Calcineurin is a serine/threonine phosphatase involved in a wide range of cellular responses to calcium mobilizing signals. Previous evidence supports the notion of the existence of a redox regulation of this enzyme, which might be relevant for neurodegenerative processes, where an imbalance between generation and removal of reactive oxygen species could occur. In a recent work, we have observed that calcineurin activity is depressed in two models for familial amyotrophic lateral sclerosis (FALS) associated with mutations of the antioxidant enzyme Cu,Zn superoxide dismutase (SOD1), namely in neuroblastoma cells expressing either SOD1 mutant G93A or mutant H46R and in brain areas from G93A transgenic mice.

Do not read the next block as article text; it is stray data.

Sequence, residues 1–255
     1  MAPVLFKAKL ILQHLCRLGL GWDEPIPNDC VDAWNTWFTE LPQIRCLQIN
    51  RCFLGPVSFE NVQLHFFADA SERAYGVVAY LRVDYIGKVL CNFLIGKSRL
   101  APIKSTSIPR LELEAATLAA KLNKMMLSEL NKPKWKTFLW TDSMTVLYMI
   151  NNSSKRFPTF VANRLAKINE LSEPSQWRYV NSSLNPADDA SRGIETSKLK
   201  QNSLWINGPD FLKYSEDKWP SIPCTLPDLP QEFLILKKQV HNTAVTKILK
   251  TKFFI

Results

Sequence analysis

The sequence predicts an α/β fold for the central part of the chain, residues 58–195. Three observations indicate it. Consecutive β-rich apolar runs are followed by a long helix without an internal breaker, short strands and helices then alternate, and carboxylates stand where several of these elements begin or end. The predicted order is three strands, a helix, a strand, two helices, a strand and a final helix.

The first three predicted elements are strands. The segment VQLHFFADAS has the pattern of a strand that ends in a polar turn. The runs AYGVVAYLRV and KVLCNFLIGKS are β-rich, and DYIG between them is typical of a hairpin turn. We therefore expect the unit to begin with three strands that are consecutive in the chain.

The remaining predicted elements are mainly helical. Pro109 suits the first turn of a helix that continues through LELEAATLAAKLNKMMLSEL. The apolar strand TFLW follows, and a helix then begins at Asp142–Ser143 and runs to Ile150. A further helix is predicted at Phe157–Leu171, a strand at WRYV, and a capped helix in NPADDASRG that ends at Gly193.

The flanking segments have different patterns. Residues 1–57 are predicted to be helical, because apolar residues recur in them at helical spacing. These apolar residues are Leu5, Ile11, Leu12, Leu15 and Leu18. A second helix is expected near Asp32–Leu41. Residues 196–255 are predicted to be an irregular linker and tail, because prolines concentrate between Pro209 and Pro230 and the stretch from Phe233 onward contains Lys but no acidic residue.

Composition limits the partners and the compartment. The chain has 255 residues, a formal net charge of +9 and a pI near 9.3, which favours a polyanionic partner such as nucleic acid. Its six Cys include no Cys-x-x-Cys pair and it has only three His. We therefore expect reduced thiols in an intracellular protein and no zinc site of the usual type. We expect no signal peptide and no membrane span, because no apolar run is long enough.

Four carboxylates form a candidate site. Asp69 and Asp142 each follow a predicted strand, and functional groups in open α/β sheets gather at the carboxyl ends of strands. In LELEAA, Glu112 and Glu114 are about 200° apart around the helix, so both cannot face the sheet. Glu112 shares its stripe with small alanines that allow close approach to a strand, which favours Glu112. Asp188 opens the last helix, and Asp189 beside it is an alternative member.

In this work we report that while wild-type SOD1 has a protective effect, calcineurin is oxidatively inactivated by mutant SOD1s in vitro; this inactivation is mediated by reactive oxygen species and can be reverted by addition of reducing agents. Furthermore, we show that calcineurin is sensitive to oxidation only when it is in an ‘open’, calcium-activated conformation, and that G93A-SOD1 must have its redox-active copper site available to substrates in order to exert its pro-oxidant properties on calcineurin. These findings demonstrate that both wild-type and mutant SOD1s can interfere directly with calcineurin activity and further support the possibility of a relevant role for calcineurin-regulated biochemical pathways in the pathogenesis of FALS.